Intel’s Israeli Fab Looking Forward to Make 10nm Chips

Intel’s Post-14nm Future Begins to Take Shape

by Anton Shilov
02/17/2013 | 11:08 PM

Owning massive amount of advanced semiconductor manufacturing facilities across the globe, Intel Corp. strategically upgrades selected fabs to manufacture chips using leading-edge process technologies. At present, Intel’s fab in Kiryat Gat, Israel, is making innovative Core i-series “Ivy Bridge” processors using 22nm fabrication process. The fab will skip 14nm technology in order to be upgraded to 10nm in several years from now.


The upgrade of fab 28 in Israel and initiation of 22nm production in 2012 helped Intel’s subsidiary in the country to more than double its exports last year to whopping $4.6 billion, over $2.2 billion in 2011. The factory will continue to produce chips using 22nm fabrication process this year, gradually shifting production from current-generation Ivy Bridge design to next-generation Haswell design. The Israeli plant will continue to make mainstream chips for Intel for quite some time, but it will not be upgraded to make leading-edge code-named Broadwell products using 14nm process technology. Instead, the management of the fab is looking forward to make 10nm chips several years from now.

"The average life of a technology is two to six years so we need to be busy to get the next technology, 10nm. We need to get a decision far enough in advance to be able to upgrade the plant. So for 10nm, decisions will need to be made this year," said Maxine Fassberg, general manager of Intel Israel, reports Reuters news-agency.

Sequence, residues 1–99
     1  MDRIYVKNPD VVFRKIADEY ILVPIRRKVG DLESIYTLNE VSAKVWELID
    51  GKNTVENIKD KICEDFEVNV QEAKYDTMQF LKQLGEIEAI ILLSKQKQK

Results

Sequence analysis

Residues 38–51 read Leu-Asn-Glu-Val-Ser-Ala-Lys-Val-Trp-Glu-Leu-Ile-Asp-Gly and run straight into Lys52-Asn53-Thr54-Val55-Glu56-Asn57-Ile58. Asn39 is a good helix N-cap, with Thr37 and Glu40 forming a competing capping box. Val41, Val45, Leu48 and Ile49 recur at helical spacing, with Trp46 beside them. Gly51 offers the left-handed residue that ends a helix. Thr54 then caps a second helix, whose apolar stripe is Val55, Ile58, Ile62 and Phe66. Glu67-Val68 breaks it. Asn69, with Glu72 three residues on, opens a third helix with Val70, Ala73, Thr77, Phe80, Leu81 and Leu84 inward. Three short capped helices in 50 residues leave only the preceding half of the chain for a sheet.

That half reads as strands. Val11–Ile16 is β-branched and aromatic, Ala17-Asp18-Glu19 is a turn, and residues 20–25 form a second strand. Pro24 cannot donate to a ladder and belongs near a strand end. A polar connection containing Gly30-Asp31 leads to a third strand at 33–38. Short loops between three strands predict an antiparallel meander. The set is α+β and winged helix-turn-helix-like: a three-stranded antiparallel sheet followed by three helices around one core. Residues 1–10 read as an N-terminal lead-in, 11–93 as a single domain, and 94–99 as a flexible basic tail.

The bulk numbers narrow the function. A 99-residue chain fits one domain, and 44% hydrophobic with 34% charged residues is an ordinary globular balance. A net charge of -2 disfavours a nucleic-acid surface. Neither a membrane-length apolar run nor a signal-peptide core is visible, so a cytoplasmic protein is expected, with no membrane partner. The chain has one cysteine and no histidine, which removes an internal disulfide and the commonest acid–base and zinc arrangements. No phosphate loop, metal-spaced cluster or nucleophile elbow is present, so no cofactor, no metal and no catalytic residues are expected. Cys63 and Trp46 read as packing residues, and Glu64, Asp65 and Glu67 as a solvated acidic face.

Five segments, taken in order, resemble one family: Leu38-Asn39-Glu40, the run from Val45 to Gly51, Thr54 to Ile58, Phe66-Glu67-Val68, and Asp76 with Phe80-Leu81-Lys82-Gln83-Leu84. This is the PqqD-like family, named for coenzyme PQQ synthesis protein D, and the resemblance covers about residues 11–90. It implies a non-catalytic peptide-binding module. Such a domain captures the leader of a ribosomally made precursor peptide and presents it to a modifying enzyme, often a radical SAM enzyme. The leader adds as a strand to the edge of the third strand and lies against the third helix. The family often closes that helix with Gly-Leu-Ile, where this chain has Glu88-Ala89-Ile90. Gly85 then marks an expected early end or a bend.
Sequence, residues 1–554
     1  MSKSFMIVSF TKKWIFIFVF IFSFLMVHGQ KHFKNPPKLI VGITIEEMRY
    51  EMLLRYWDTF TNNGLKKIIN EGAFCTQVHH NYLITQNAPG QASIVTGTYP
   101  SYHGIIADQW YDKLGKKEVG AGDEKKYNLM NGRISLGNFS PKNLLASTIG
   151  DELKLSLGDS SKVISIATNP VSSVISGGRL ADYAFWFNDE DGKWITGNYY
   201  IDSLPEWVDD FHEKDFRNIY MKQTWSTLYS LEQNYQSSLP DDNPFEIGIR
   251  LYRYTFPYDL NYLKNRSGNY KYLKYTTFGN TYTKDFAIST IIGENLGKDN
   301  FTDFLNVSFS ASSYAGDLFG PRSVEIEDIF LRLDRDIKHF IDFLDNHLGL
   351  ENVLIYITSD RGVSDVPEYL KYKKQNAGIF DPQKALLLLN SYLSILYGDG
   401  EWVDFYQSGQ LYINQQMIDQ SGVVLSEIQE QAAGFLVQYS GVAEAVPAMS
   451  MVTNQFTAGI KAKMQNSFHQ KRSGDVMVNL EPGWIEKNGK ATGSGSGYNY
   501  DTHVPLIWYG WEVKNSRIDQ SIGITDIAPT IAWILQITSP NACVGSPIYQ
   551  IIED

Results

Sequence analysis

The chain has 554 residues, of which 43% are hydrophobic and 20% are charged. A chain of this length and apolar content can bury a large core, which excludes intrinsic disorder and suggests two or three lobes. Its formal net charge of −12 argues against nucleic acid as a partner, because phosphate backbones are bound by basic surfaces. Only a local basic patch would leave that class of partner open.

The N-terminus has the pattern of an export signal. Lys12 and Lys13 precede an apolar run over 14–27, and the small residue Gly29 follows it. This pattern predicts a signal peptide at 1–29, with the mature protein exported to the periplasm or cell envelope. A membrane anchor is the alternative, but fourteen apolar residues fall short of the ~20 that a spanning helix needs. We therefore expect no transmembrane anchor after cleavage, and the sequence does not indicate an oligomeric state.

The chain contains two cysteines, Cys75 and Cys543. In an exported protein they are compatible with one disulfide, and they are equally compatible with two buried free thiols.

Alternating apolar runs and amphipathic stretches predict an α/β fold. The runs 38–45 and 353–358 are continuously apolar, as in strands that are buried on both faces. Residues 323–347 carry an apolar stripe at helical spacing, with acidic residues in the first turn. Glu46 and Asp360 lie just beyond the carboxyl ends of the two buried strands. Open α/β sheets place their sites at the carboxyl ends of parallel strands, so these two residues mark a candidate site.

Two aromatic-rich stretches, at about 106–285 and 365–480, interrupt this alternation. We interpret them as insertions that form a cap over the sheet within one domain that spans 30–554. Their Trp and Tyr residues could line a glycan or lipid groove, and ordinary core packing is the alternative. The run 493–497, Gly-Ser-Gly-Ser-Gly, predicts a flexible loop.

The 10nm seems to be a pretty interesting process technology for Intel as it may be the last tech to utilize the current manufacturing methods, or the first technology to use the extreme ultraviolet (EUV) lithography. Moreover, at 10nm the world’s No. 1 maker of chips may also initiate transition to 450mm wafers, at least on some of its facilities. It is unlikely that the Israel subsidiary of Intel is looking forward a new 450mm plant, though.

The claims made by Mr. Fassberg does not reflect Intel’s commitments or plans. Moreover, Intel’s fab upgrades usually involves incentives from the governments. Intel has invested $10.5 billion in Israel in the past decade, including $1.1 billion in 2012, but have been provided $1.3 in incentives.

The exports by the world’s largest chipmaker accounted for 20% of Israel's high-tech exports in 2012 and 10% of its industrial exports, excluding diamonds, notes Reuters. Most of Intel Israel's foreign shipments – $3.5 billion – came from its chip manufacturing activities.

"If Intel had not increased its exports, Israel's high-tech exports would have shrunk by 10%," said Mooly Eden, the president of Intel Israel.